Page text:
Jean Wellburn is known for a lot of things in the Cariboo Chilcotin where she has made her home since 1968.
She is known for her music as a classical harp player and more recently for her ukulele prowess, and she is known as a Scout Island Nature Centre naturalist and preschool educator, but few people know her as a painter.
This month Jean’s collection of paintings of Riske Creek erratic is being featured on the main floor of the Station House Gallery. Meet Jean as she reveals a side of herself splashed with rich colour and emotion, heralding one of the great landforms of the Chilcotin.
When you emerge from the Fraser River gorge up Sheep Creek Hill, one of your first impressions of the Chilcotin Plateau, is the landscape of Becher’s Prairie strewn with erratic boulders deposited by glacial activity millennia ago.
With her pallet and brush, Jean Wellburn introduces you to these rock personalities like they were familiar friends.
“I’ve always been a painter,” she explains, “but this is the first time I’ve concentrated on a series of paintings on one topic.”
She has been drawing the erratics of Becher’s Prairie for years, but this is the first time she has dedicated the time to work on bigger canvasses with such a singular focus. She has spent close to two years putting this show together.
“Becher’s Prairie has always been a very special place in our family,” Jean told the Station House audience at the Nov. 1 opening of her show. “The lovely kettle lakes and moraines are timeless, intimate and beautiful. It’s our own Stonehenge, magical and beautiful.”
She said her family members jokingly refer to the erratics of Becher’s Prairie as “Mom’s rocks.”
“My friend Charlie Wyse has names for all the rocks too,” she continued. “So they are Charlie’s rocks too.”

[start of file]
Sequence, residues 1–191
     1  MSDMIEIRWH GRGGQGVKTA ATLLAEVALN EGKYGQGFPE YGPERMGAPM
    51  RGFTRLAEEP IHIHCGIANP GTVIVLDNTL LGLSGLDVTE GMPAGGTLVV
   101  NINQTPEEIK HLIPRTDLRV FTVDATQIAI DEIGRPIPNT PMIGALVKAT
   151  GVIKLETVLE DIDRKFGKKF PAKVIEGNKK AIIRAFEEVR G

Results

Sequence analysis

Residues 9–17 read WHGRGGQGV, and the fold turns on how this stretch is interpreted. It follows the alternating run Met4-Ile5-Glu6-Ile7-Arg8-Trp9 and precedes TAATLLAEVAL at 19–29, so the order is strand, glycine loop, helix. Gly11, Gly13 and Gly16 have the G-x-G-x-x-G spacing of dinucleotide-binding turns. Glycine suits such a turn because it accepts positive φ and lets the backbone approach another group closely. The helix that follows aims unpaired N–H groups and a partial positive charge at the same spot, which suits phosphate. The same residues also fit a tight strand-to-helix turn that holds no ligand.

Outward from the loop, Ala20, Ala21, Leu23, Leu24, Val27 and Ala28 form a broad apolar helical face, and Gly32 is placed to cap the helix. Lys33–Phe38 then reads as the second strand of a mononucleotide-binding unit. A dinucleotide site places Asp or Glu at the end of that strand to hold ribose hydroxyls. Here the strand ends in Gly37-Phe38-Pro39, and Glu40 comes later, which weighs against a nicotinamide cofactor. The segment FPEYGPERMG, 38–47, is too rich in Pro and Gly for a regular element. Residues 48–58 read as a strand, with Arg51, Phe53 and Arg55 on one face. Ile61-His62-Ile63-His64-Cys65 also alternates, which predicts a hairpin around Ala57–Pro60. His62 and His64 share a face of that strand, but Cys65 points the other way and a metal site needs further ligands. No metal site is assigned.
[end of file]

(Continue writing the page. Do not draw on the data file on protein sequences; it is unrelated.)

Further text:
Jean says when her daughter, Jane, was four years old she asked if rocks were people.
“I asked Jane what she thought, and she answered yes.”
Jean’s show, powerful and colourful, encourages the viewer to embrace the spiritual quality of rocks. “The rocks on Becher’s Prairie came from the Coast Mountain Range many miles away,” she stated. “It’s a wonderful process. The rocks are silent witnesses to ancient traditions on planet Earth.”
To add ambience to her show, Jean’s brother-in-law, Bruce Ruddell, of Victoria, composed background music to view the paintings by. He titles his hour-long composition Rock Music for the Erratics. “I tried to capture the weight of the erratics and the light Jean portrays them in,” says Ruddell, who journeyed to Williams Lake with his wife Barbara for the opening.
In the Upper Gallery, Quesnel painter, Christa Krisman has several paintings of abstract realism. “My travels in Europe and Canada for many years have influenced my painting style,” she says. “Many memories of amazing places and cities in Europe and the stunning beauty of Canada are reflected in my work.”
She is inspired by structures or interesting shapes of trees, rocks or buildings. She says she approaches each painting spontaneously with an intuitive sense of what she wants to accomplish.
“Following my feelings and emotions, I incorporate squares, lines or circles to develop dynamic movement. To achieve texture I apply layers of paint or use different mediums.”
Though she sometimes uses oils, she prefers acrylic ala prima applied and mixed with big brushes and palette knives applied directly to the canvas.
“My abstract painting style employs compositional elements to bridge realism with imaginary passages.”
Krisman, born in the Bavarian region of Germany near Munich, started painting at a young age and incorporated her artistic skills in her profession as an interior decorator and in the upholstery trade.
She immigrated to Canada in 2000 and retired to Quesnel in 2008 where she started painting full time as an artist.